Henrietta Lacks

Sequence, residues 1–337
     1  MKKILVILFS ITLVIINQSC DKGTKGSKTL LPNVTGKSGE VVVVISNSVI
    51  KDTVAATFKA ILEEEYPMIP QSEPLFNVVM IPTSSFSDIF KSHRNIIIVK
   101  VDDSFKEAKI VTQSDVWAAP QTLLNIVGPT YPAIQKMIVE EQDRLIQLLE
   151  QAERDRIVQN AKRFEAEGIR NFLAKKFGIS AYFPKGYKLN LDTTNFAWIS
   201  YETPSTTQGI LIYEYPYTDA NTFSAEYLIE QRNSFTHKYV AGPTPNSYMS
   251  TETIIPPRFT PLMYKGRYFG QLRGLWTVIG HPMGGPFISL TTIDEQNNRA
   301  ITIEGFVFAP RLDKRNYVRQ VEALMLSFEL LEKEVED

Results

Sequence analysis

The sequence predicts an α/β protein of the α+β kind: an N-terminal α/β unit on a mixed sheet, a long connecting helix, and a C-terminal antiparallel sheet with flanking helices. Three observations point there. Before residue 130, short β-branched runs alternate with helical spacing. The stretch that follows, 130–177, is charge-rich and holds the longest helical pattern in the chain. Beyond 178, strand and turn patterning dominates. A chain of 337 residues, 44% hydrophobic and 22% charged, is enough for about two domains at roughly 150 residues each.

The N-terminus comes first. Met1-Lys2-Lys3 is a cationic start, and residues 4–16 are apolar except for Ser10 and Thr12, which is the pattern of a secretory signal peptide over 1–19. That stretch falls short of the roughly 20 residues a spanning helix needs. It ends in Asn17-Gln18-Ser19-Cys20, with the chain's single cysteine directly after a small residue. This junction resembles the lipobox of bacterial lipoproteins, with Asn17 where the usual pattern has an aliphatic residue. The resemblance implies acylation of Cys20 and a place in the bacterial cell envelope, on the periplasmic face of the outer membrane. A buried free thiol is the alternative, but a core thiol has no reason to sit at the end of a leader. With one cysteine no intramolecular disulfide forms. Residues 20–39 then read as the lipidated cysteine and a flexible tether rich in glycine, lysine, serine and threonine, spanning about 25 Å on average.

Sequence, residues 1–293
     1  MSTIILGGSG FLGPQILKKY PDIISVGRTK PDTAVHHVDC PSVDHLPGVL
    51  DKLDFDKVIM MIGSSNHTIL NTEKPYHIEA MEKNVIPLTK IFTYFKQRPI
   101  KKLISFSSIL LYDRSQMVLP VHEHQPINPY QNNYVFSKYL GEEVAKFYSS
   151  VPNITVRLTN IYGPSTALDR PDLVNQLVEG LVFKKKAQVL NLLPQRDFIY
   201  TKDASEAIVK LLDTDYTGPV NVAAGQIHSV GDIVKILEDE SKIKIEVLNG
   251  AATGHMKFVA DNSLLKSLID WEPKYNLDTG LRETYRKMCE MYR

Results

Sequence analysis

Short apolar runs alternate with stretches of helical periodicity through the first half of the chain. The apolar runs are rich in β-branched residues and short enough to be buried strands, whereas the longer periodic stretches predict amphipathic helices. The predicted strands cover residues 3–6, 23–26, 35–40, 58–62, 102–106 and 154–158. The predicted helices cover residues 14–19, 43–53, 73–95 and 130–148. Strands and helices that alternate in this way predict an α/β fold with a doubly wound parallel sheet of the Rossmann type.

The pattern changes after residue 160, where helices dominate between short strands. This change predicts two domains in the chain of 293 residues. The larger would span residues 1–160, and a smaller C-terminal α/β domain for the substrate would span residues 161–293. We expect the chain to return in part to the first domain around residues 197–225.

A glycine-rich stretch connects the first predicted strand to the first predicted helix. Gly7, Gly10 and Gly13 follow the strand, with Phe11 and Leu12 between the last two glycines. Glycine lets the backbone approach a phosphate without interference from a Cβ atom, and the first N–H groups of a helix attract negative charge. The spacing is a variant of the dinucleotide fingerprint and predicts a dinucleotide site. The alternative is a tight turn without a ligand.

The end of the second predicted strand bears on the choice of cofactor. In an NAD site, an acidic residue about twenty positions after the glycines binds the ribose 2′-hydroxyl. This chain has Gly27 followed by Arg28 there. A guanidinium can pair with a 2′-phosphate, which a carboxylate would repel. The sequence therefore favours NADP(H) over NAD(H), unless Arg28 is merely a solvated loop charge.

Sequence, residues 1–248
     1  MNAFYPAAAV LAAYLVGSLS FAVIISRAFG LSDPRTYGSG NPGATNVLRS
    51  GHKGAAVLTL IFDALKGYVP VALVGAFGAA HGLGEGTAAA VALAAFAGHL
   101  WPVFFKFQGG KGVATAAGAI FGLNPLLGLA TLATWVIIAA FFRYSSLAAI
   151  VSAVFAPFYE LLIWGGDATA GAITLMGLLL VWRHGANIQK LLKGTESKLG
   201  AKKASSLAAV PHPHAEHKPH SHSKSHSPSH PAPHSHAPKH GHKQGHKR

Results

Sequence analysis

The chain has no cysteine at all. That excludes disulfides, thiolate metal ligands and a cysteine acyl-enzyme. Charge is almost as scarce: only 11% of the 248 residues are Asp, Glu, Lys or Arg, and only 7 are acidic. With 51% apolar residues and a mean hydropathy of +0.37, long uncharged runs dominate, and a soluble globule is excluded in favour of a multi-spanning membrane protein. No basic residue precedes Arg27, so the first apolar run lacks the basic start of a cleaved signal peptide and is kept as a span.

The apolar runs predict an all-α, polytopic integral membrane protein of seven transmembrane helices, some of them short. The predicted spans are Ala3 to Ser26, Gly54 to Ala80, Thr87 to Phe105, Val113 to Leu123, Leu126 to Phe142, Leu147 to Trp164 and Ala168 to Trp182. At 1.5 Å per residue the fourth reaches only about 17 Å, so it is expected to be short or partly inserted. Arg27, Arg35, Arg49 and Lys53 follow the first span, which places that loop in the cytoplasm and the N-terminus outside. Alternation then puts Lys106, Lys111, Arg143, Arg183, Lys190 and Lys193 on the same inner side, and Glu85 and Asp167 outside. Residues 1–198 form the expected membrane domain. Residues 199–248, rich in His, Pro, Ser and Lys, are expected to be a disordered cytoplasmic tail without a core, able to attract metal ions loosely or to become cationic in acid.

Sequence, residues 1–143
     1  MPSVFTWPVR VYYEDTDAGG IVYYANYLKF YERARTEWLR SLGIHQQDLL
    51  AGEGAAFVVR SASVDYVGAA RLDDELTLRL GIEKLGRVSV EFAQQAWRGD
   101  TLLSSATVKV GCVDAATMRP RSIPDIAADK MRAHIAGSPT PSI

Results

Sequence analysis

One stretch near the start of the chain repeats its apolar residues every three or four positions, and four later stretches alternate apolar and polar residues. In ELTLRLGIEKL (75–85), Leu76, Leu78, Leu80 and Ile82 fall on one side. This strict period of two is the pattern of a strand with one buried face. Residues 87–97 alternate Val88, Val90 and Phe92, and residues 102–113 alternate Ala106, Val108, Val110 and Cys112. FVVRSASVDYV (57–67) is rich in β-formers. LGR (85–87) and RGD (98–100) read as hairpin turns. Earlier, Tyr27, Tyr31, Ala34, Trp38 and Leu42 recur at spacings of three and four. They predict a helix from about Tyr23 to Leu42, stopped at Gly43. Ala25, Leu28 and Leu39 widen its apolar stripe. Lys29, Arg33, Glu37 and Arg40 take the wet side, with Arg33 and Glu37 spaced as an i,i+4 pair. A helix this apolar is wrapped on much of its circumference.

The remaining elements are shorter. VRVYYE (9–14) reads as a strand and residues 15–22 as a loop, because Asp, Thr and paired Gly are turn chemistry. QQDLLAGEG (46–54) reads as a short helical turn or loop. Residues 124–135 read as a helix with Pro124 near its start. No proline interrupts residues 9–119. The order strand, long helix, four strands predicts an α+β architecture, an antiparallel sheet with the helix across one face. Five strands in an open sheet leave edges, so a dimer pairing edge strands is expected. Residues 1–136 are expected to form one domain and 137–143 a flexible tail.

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In movies, television shows, and books, countless supermen, superwomen, and cartoon heroes have been portrayed as escaping death, of being immortal. But, they have all been fictional characters and figments of imaginations, because as we all know, no one can live forever. In the book, The Immortal Life of Henrietta Lacks, Rebecca Skloot introduces us to Henrietta and her life and tells us the story of the immortal HeLa cells. In essence, Henrietta is a superwoman, a real-life hero who has transcended race, advanced medicine, and saved millions of lives, without even knowing it. The first part of Skloot’s book depicting Henrietta’s life was extremely interesting and intriguing. I was impressed by the work that Skloot went through in simply researching and learning more about Lack’s history. The amount of people talked to, documents studied, and research performed by her was amazing. The first person accounts of Lack’s life made her story really come alive. I was deeply impacted by the quality person Henrietta was. Despite poverty, racism, and illness, she had an upbeat attitude and positive outlook on life. Her circumstances would have made it easy and excusable for her to complain, but she stayed strong and determined for her family. I can’t imagine how hard it was for her to say good-bye to her children, especially her daughter Elsie. It also struck me how genuinely friendly and caring she seemed with everyone she came in contact with. Her house always had an open door and warm meal on the table. It’s not often that you meet a person with that large of a heart. While reading this book, I gained a great understanding and better perspective of the struggles and difficulties African-Americans faced each and every day. Racism affected every facet of their life, and for Henrietta it may have made the difference between life and death. I am appalled at the quality of care and treatment she received from John Hopkins, a supposedly well-known and well-regarded

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